In this way nothing was said at the first telling of the story to decide the fate of the schoolmaster and of the lady whom we shall still call his wife. There certainly had been no horror displayed by the Doctor. “Whether you can remain here is another question.” The Doctor, during the whole interview, had said nothing harder than that. Mr Peacocke, as he left the rectory, did feel that the Doctor had been very good to him. There had not only been no horror, but an expression of the kindest sympathy. And as to the going, that was left in doubt. He himself felt that he ought to go — but it would have been so very sad to have to go without a friend left with whom he could consult as to his future condition!
“He has been very kind, then?” said Mrs Peacocke to her husband when he related to her the particulars of the interview.
“And he did not reproach you.”
“Not a word.”
“He declared that had it been he who was in question he would have clung to you for ever and ever.”
“Did he? Then will he leave us here?”
“That does not follow. I should think not. He will know that others must know it. Your brother-in-law will not tell him only. Lefroy, when he finds that he can get no money here, from sheer revenge will tell the story everywhere. When he left the rectory, he was probably as angry with the Doctor as he is with me. He will do all the harm that he can to all of us.”
“We must go, then?”
“I should think so. Your position here would be insupportable even if it could be permitted. You may be sure of this — everybody will know it.”
“What do I care for everybody?” she said. It is not that I am ashamed of myself.”
“No, dearest; nor am I— ashamed of myself or of you. But there will be bitter words, and bitter words will produce bitter looks and scant respect. How would it be with you if the boys looked at you as though they thought ill of you?”
“They would not — oh, they would not!”
“Or the servants — if they reviled you?”
“Could it come to that?”
“It must not come to that. But it is as the Doctor said himself just now — a man cannot isolate the morals, the manners, the ways of his life from the morals of others. Men, if they live together, must live together by certain laws.”
“Then there can be no hope for us.”
“None that I can see, as far as Bowick is concerned. We are too closely joined in our work with other people. There is not a boy here with whose father and mother and sisters we are not more or less connected. When I was preaching in the church, there was not one in the parish with whom I was not connected. Would it do, do you think, for a priest to preach against drunkenness, whilst he himself was a noted drunkard?”
“Are we like that?”
“It is not what the drunken priest might think of himself, but what others might think of him. It would not be with us the position which we know that we hold together, but that which others would think it to be. If I were in Dr Wortle’s case, and another were to me as I am to him, I should bid him go.”
“You would turn him away from you; him and his — wife?”
“I should. My first duty would be to my parish and to my school. If I could befriend him otherwise I would do so — and that is what I expect from Dr Wortle. We shall have to go, and I shall be forced to approve of our dismissal.”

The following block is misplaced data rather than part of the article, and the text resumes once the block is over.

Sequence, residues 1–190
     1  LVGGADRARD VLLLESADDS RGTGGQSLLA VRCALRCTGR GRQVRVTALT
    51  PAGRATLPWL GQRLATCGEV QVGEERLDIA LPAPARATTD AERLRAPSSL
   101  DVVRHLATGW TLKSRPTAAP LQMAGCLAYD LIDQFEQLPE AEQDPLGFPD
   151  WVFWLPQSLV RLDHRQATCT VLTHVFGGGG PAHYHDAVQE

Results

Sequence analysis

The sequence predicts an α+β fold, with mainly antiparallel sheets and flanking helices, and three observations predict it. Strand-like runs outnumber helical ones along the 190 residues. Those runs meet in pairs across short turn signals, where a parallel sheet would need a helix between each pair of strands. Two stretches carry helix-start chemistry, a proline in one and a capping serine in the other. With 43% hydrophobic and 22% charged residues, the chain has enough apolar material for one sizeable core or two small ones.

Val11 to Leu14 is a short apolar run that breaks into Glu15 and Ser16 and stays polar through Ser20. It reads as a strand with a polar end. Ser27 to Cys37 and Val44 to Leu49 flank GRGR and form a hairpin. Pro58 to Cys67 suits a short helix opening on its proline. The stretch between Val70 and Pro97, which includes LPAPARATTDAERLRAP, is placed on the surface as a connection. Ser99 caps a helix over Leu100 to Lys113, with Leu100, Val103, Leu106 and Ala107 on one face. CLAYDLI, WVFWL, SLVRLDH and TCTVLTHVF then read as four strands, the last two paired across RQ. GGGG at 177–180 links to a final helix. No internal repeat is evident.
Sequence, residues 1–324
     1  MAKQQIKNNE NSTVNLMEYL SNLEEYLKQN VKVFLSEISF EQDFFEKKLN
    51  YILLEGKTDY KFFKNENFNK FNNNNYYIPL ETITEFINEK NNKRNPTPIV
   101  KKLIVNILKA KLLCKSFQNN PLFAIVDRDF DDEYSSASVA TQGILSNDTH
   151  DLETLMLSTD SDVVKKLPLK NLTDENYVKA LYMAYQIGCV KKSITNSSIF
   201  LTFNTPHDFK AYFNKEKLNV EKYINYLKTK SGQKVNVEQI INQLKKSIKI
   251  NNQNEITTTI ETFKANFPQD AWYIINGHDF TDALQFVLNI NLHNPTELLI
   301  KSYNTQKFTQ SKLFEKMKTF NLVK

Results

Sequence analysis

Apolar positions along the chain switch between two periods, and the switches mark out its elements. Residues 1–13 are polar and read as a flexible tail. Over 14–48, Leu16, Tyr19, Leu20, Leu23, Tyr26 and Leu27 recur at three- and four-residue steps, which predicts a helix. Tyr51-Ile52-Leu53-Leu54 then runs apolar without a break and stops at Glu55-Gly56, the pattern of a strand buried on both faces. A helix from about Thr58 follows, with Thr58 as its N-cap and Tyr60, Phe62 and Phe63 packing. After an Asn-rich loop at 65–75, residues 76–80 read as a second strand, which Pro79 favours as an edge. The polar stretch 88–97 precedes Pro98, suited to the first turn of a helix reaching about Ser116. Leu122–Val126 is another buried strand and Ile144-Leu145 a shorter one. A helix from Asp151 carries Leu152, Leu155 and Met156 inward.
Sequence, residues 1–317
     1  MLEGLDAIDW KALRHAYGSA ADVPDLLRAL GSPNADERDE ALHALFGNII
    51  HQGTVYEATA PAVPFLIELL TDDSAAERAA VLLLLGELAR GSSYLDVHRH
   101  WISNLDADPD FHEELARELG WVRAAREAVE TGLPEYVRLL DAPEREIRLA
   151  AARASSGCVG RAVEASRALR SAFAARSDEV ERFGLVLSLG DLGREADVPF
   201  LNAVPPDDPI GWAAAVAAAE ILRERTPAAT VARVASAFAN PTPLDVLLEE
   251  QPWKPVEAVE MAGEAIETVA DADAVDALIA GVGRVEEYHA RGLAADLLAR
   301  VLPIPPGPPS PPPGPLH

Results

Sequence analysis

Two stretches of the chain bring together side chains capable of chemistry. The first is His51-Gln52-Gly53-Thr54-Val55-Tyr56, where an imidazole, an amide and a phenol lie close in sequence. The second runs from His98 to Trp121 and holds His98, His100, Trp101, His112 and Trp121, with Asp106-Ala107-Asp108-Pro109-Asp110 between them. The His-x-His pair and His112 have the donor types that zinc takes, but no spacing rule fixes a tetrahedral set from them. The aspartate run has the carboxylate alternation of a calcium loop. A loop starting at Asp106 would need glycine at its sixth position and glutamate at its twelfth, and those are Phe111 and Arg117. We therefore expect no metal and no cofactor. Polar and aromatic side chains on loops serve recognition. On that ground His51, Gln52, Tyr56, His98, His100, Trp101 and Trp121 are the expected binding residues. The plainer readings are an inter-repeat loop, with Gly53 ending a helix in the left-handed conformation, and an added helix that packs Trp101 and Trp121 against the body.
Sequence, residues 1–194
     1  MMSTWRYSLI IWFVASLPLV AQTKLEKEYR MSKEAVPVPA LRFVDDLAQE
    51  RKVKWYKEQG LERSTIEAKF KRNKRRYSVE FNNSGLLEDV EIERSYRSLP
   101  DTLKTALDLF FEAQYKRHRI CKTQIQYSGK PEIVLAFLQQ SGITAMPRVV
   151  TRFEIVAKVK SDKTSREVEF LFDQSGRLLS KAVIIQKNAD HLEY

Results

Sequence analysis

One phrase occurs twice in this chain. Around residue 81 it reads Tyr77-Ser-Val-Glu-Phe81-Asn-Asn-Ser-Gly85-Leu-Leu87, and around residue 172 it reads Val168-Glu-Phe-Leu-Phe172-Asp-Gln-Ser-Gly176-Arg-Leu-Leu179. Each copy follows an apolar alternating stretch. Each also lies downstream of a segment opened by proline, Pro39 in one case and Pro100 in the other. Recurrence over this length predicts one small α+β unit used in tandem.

In this way Mr Peacocke came definitely and clearly to a conclusion in his own mind. But it was very different with Dr Wortle. The story so disturbed him, that during the whole of that afternoon he did not attempt to turn his mind to any other subject. He even went so far as to send over to Mr Puddicombe and asked for some assistance for the afternoon service on the following day. He was too unwell, he said, to preach himself, and the one curate would have the two entire services unless Mr Puddicombe could help him. Could Mr Puddicombe come himself and see him on the Sunday afternoon? This note he sent away by a messenger, who came back with a reply, saying that Mr Puddicombe would himself preach in the afternoon, and would afterwards call in at the rectory.
For an hour or two before his dinner, the Doctor went out on horseback, and roamed about among the lanes, endeavouring to make up his mind. He was hitherto altogether at a loss as to what he should do in this present uncomfortable emergency. He could not bring his conscience and his inclination to come square together. And even when he counselled himself to yield to his conscience, his very conscience — a second conscience, as it were — revolted against the first. His first conscience told him that he owed a primary duty to his parish, a second duty to his school, and a third to his wife and daughter. In the performance of all these duties he would be bound to rid himself of Mr Peacocke. But then there came that other conscience, telling him that the man had been more “sinned against than sinning,’ — that common humanity required him to stand by a man who had suffered so much, and had suffered so unworthily. Then this second conscience went on to remind him that the man was pre-eminently fit for the duties which he had undertaken — that the man was a God-fearing, moral, and especially intellectual assistant in his school — that were he to lose him he could not hope to find anyone that would be his equal, or at all approaching to him in capacity. This second conscience went further, and assured him that the man’s excellence as a schoolmaster was even increased by the peculiarity of his position. Do we not all know that if a man be under a cloud the very cloud will make him more attentive to his duties than another? If a man, for the wages which he receives, can give to his employer high character as well as work, he will think that he may lighten his work because of his character. And as to this man, who was the very phoenix of school assistants, there would really be nothing amiss with his character if only this piteous incident as to his wife were unknown. In this way his second conscience almost got the better of the first.